He was accompanied on the train by Judy, a 46-year-old author, and her daughter.  Judy had known Kalju for decades and recently decided to write his biography.  They’ve become close friends.  Judy and her daughter accompany him in his frequent travels, in part because they enjoy his company, in part because he needs their help.

I had talked with Kalju for an hour before I recognized his dementia.  We’d been on the train for over 24 hours, yet he asked Judy for the directions to the bathroom, which was on the first level of the same car.  A few minutes afterwards, he came back to ask directions again.

I later talked with Judy.  Kalju’s symptoms, she said, can be pronounced but are extremely variable.  He recognizes his poor memory and his reliance on Judy and her daughter for orientation, yet he denies any general cognitive impairment.  When I mentioned my Alzheimer’s to him, he said he was glad he didn’t have anything like that: His head simply had too much information, and there wasn’t room for anything new.

Shortly after meeting Kalju and deciding to write his biography, Judy realized that, while he told wonderful stories, he repeated them frequently.  She’s now heard each of his few stories many times and realized she can’t write an autobiography with so little material.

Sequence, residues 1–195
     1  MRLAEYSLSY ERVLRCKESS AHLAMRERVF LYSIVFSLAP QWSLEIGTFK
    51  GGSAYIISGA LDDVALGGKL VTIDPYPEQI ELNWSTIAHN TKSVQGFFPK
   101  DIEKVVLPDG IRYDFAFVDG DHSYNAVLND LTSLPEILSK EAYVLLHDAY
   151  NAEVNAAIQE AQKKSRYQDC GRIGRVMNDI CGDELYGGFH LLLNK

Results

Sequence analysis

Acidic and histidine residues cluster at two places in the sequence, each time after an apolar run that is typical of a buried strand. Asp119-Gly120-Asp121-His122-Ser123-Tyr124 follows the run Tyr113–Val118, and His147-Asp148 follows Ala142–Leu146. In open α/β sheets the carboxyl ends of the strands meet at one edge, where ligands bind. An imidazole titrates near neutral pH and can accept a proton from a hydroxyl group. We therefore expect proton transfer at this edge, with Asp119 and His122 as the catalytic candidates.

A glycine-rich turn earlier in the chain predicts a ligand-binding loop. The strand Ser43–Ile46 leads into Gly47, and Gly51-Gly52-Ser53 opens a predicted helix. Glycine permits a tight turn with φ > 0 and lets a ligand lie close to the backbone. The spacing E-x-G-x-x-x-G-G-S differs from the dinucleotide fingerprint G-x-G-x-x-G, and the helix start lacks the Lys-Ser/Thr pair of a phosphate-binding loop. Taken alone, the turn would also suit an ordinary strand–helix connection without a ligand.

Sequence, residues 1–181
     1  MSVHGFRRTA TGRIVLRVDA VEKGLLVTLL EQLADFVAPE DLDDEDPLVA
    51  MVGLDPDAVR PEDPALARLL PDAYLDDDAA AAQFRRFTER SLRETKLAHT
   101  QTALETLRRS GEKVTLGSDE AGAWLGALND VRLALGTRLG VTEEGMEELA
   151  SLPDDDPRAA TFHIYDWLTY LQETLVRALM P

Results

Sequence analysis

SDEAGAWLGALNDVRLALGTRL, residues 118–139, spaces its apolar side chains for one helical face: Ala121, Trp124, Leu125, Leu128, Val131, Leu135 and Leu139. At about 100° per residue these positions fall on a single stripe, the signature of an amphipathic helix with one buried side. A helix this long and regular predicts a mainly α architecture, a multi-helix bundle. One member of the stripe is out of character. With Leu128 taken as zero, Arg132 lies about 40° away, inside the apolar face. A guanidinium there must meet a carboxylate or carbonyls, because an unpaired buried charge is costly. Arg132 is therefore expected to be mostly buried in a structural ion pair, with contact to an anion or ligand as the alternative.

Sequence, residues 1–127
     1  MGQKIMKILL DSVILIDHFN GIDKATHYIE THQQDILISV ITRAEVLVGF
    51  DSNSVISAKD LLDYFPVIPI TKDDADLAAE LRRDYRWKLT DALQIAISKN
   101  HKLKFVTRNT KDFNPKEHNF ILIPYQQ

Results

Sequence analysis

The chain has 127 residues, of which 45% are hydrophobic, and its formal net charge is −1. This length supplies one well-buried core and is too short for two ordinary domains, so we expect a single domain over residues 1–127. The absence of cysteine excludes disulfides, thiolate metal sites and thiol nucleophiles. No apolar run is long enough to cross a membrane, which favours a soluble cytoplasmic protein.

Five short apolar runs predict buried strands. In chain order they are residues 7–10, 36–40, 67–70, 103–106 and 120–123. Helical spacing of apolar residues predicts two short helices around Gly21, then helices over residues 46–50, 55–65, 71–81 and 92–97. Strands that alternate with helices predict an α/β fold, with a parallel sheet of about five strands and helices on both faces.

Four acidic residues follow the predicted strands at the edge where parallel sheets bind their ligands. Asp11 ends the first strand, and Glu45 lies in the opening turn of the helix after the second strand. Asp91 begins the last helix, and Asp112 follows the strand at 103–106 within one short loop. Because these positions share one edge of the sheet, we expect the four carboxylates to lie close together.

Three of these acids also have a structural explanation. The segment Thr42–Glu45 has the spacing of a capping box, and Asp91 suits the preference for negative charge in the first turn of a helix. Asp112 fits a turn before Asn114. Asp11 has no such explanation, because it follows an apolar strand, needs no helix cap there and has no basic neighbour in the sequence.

Kalju can be quite disoriented indoors, she tells me.  In a hotel room, for instance, Kalju has to ask every day where the bathroom is.  Outdoors, however, he can go for long walks, even in unfamiliar environments, and never get lost.  Judy has witnessed personality changes too, like when Kalju explodes in anger for no apparent reason.  Often he apologizes but may later deny that the incident happened.

His judgment is sometimes impaired.  They were once on a city bus riding through a poor, inner-city ghetto.  Although the bus was full of African Americans, Kalju began talking loudly about the two times in Chicago he’d been attacked by young black men. 

She has also noticed that, in the moment, he’ll recognize his poor memory, his disorientation and his need for assistance, but, when the moment is past, he doesn’t seem to remember these episodes of confusion, adamantly denying any impairment. 

As I discovered when I engaged him in conversations, his impairment is not immediately evident and he can be quite lucid: I might never have realized he had dementia had I not witnessed his repeated asking for directions to the same place.  He doesn't fit into the stereotype of Alzheimer's.  He is able to maintain good relationships.  He can go on long walks outdoors without getting lost or disoriented.  His life appears full. 

He helped me to see that life with Alzheimer's – even when symptoms are becoming more evident – does not have to lead to early isolation.  It’s comforting.